Portrayal Woman is an olfactive portrayal of the 1920s cultural liberation and features a top note of jasmine; middle notes of Craven A tobacco accord dusted with vanilla; and a base note of elemi. It is an eau de parfum, edp.
Portrayal is a manifestation of a person's orientation to him or herself. A reflection of his or her unique authenticity, it is about breaking free from the cages solitude society sets around people because their truths are often seen as shockingly unconventional.
"A person who dares to defy the norms of their society, Portrayal is for the bold," says Christopher Chong, Creative Director of Amouage. It is inspired by times of dramatic social change and the people who pushed beyond the limits of mass culture during their times. It is a reflection of the birth of a new age and the freedoms that come with it."
At the heart of Portrayal Woman is a smoky yet sweet melange created by the fusion of Craven, a tobacco with a dusting of vanilla. Brought together with jasmine at its top and elemi at its base, it recreates 1920's liberation. The floral fragrance is for the poised and playfully refined woman who dares to defy. It is heartened with an undertone of the sensuality of tuberose that together radiates a sultry trail of seductive sillage.
An excerpt of a review from cafleurbon:
A late-night party of The Coterie in Belgravia, London. The French doors are open to the night which swoons with jazz. Flappers and debutantes mingle; fringe skirts swing, bare arms click with bakelite bracelets, and cigarette smoke curls lazily in the air. In the corner, a countess sporting a tuxedo and a monocle argues about Marx with an earnest poetess. And through it all seeps the honeyed perfume of the jasmine blossoms outside.
Portrayal Woman is inspired by London of the 1920s and the people who transgressed boundaries during times of dramatic social change. In the words of creative director Christopher Chong, Amouage Portrayal Woman is about “A person who dares to defy the norms of their society … and the people who pushed beyond the limits of mass culture during their times. It is a reflection of the birth of a new age and the freedoms that come with it.” With its unconventionally rich jasmine and tart, green tobacco, this is exactly the sort of luxurious but quirky perfume transgressive socialite Nancy Cunard might have favoured.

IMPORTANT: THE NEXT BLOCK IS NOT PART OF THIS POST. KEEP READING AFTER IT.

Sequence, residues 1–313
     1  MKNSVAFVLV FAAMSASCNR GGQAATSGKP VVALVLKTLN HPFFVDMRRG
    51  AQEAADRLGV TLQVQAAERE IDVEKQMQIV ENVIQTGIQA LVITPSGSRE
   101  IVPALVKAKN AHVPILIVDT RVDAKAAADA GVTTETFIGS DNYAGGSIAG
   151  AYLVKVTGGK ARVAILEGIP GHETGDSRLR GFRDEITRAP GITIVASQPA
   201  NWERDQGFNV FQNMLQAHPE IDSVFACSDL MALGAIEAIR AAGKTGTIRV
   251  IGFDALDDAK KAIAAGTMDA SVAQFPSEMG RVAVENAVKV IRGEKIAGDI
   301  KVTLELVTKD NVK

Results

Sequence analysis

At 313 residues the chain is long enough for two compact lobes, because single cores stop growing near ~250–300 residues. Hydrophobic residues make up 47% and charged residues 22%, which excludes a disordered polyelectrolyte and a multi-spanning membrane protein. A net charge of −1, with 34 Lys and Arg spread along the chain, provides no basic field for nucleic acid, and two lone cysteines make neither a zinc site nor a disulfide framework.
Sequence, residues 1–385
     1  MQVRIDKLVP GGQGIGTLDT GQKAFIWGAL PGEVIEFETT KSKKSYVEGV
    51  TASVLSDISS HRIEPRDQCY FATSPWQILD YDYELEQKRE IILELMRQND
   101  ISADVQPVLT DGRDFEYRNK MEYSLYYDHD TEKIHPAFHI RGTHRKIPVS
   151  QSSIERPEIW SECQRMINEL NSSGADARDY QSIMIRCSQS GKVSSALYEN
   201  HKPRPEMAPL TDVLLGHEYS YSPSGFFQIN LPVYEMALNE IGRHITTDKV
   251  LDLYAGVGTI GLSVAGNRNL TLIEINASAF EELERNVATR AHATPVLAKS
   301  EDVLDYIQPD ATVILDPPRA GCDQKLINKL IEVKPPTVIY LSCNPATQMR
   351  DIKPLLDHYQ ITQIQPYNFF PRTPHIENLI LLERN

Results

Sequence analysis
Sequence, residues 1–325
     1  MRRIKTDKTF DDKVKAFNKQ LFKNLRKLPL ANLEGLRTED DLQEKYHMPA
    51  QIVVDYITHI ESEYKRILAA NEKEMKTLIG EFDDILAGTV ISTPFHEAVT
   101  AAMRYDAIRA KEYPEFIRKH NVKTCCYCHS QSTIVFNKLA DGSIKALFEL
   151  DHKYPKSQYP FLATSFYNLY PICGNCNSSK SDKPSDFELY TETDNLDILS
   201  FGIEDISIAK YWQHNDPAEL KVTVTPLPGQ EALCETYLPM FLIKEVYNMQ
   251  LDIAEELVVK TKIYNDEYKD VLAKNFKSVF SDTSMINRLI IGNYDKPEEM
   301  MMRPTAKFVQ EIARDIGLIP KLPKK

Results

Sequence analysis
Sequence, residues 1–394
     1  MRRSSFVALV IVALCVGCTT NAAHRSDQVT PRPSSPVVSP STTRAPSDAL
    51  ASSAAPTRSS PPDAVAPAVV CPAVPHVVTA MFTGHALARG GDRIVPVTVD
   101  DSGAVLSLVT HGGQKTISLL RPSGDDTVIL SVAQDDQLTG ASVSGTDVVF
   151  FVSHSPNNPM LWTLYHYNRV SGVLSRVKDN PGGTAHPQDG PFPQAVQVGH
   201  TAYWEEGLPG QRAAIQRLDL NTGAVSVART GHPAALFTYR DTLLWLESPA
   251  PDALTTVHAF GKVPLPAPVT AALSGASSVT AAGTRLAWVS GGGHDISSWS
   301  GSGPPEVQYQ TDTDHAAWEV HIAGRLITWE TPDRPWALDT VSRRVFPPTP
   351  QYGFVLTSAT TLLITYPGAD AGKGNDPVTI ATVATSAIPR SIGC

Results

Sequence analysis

Firmenich perfumers Annick Menardo and Pierre Negrin have created a dizzingly complex and multifaceted fragrance with few ingredients. Even in the bottle, the creamy, rich scent of jasmine is so saturated that it seems to be several flowers folded into one: its syrupy headiness emits echoes of green leaf, orange blossom and tuberose that twine together like lovers in a slow waltz. Sprayed on, the jasmine releases its crushed-flower sweetness more fully, its indolic side edges in and the flower’s full sensuality is released.
Unexpectedly, a piercingly sharp note cuts through all that intoxicating bloom, like a break in the music. At first, its smells like petitgrain; acerbic, citric, slightly flowery. But I gradually realize that this aroma is distinctly herbal, moist tobacco leaf. Together, the thick nectarous fragrance of jasmine and the chartreuse, soil-and-earth bitterness circle each other in counter tempos: one slow and languorous as a waltz at the end of the party; the other with the staccato, deliberate strides of the tango. For some time, it steps back and forth between the masculine, loamy bite of the tobacco and the lazy voluptuousness of jasmine, never quite settling on either.
In the dry-down, an unaccustomed, powdery vanilla adds a layer of sweetness that bridges the bitter and floral notes like a handshake at arm’s length. Elemi comes in near the end to provide some resiny ballast in the base. By the time Portrayal Woman has fully developed, its multifaceted jasmine and tobacco are full display. The effect is exuberant, take-no-prisoners sensuality. Heady, offbeat and glamourous, Portrayal Woman is not a scent to be taken lightly. But then, neither are rulebreakers.